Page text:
Death is inescapable; It’s all around us, no matter where we are, no matter what we do. How we perceive it though, is up to us.
Following Jane through to her journey of adolescence; the failed suicide attempt of her father, and then foster-care, her life is full of colour.
It’s always interesting to see how a person can lose absolutely everything and then begin to rebuild themselves from the ground up.
Some will give up and collapse, others will build themselves stronger.
Of course, the Second Day Believers will claim that their goal is to help Jane, but ultimately it’s up to her how she responses to their beliefs if she even agrees in the first place.
Fostering a new adventure
The majority of the fun comes from her carers, who just so happen to be Second Day Believers, a cult that focuses on cleansing its children of all their mental impurities.
One of their methods includes re-birthing the children out of a dead cow, for them to take on their own spirit animal. Jane’s (a bob-cat), by coincidence, is the same as the groups’ elderly leader, which is only the start of their similarities.
Is Jane the leader reborn? Will she lead the Second Day Believers forward in the name of their religion? Does she care?
Her new parents, Connie and Martin (Madame and Sir Six) are eccentric in both their ways and beliefs. They certainly have their own methods when it comes to raising children within the community.
These new ideas are what test Jane’s way of thinking, especially concerning her deeper introspections on death.
Speaking of inward death, it’s a common theme running throughout Stupid Children.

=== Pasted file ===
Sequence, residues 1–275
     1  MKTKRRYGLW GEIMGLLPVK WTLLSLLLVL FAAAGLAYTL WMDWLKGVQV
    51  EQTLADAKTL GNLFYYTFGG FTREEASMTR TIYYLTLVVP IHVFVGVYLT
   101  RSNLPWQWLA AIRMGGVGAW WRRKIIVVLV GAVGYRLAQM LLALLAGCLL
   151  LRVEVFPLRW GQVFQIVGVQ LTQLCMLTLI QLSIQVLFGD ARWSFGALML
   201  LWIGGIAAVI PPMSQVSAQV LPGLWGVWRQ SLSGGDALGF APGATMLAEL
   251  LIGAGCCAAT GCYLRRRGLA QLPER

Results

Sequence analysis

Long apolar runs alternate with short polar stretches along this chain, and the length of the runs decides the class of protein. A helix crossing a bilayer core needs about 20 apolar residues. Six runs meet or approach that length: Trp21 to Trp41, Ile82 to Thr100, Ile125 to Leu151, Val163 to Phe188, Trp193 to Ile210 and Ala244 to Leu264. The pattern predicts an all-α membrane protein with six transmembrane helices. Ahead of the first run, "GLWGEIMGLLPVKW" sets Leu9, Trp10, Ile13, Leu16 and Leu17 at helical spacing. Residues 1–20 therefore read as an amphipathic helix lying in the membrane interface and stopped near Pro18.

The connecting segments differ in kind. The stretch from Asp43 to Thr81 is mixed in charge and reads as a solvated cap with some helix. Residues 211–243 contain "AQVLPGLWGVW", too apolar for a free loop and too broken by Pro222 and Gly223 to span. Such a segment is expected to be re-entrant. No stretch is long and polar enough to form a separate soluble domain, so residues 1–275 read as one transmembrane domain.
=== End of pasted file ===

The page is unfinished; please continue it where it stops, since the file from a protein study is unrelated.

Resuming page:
Where ever Jane goes, death seems to follow, and from a young and impressionable age, it’s easy for her to concede that it’s her fault.
However, a lot of it’s either life taking its natural tole or unfortunate events.
When she’s still young, her father buys her a hedgehog to help her deal with the death of her mother, as well as understand further the passing of living creatures; as eventually she’ll have to deal with the hedgehog’s death.
Unfortunately, Bushpig the hedgehog dies after six months; voiding its bowels all over its cage.
Jane starts to wonder if this is the same way in which her Mother died – One big final mess for somebody else to clean up.
She adopts a strong adult voice throughout the book, which comes from the fact that she’s almost had to parent her own father since the death of her mother.
He’s struggled with life since, constantly turning to Jane for reassurance and stability.
These comparisons show excellent introspection from Zion, bringing together the corresponding links between the death of a loved one, and the unanswered questions that follow.
While on the subject of Zion, she has a doctorate in psychology, specialising in sexual pathology. This definitely shines through in the book.
Topics of learned helplessness and a mother’s role are also touched upon throughout.
Surrealist Acid Dreams
What sets this book apart from others is the surrealist nature of the cult, much like the Binewski family in Geek Love.
This permits the reader a chance to take in the whole thing with a pinch of salt, not taking it all too seriously.
A perfect example is the barn scene towards the end.
Jane wakes from a manger, housed in a pink bedroom that’s surrounded by barbed wire.
She’s visited by a gentleman in a wheelchair, known as Sir One, who’s accompanied by two women, both of whom are wearing clothes of, ‘a preacher from the early 1900’s.’
The absurdity is played entirely tongue-in-cheek, but you can’t help but enjoy how the environments, along with the characters inhabiting it, unfold.
Stupid Children is an excellent illusionary trip through the distorted confides of a sectarian cult.
With surreal imagery, matched with philosophical musings that tip the scales well into the balance of exciting, the book is both pungent and wild. Given that the book is only 150 pages long, it’s short, punchy, and definitely worth your time.
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